Although some applications happen to be processed very quickly, it is unusual for it to take less than four months for summary convictions or less than eight months for indictable.
Since Chuck’s DUI is almost certainly a summary conviction, he can expect to hear from the Parole Board in six months or less. If everything has gone smoothly, it will have taken Chuck about five or six months to get his pardon application ready and about four to six months for the Parole Board to review his case and grant his pardon. Therefore Chuck falls within the average 6 – 12 month time framge.
What could go wrong?
Of course things don’t always go smoothly, especially when it comes to large government bureaucracies. For example, it’s fairly common for some courts to take much, much longer than expected. Most often this is because they are simply inefficient or under-resourced. To make matters worse the courts can make mistakes, which can lead to further delays.
Why would a pardon take longer than 12 months to complete?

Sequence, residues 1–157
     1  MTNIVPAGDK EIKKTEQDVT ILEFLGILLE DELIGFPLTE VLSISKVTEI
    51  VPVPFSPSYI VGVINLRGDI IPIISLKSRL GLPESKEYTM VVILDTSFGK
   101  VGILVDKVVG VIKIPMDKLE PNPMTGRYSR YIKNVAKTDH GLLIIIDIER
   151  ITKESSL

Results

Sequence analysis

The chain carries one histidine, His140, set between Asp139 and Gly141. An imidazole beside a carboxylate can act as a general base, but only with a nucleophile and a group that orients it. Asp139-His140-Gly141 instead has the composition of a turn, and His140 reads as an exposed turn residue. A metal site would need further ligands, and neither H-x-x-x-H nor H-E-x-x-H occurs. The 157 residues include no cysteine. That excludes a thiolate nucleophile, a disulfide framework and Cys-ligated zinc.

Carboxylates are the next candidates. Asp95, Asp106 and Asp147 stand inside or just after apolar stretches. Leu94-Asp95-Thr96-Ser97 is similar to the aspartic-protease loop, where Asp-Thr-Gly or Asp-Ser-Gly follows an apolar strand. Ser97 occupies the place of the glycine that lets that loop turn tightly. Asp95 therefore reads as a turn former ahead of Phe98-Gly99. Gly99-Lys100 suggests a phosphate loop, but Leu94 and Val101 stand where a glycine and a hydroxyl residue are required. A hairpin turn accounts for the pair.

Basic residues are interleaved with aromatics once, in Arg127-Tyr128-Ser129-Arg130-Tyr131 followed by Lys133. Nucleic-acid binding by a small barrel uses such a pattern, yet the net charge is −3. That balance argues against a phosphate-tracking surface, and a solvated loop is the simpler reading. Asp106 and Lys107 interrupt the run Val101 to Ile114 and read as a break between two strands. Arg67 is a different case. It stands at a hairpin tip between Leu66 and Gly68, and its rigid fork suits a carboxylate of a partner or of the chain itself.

In addition to unexpected delays with the RCMP, the courts and the local police things can be slowed down considerably at the Parole Board review stage.
If the Board is proposing to refuse a pardon it can take up to 24 months which is a long time to wait indeed. This normally occurs when the applicant has been involved with the police since their last conviction. The Board will then ask the applicant to provide additional information about their conduct before they render a final decision. Again, this is unpredictable because the applicant may not be aware that contact with the police is a cause for concern and, if they were under investigation for a crime but never questioned or arrested, the applicant may not even be aware that they came to the attention of the police.
People often think that getting a pardon will be quicker for minor offences or that it will take longer to get a pardon for a large number of convictions than for just one or two. But in reality it’s difficult to estimate how long the process will take in advance, regardless of whether the applicant has a summary or an indictable offence or whether there is only one conviction or many. There are just so many different factors involved.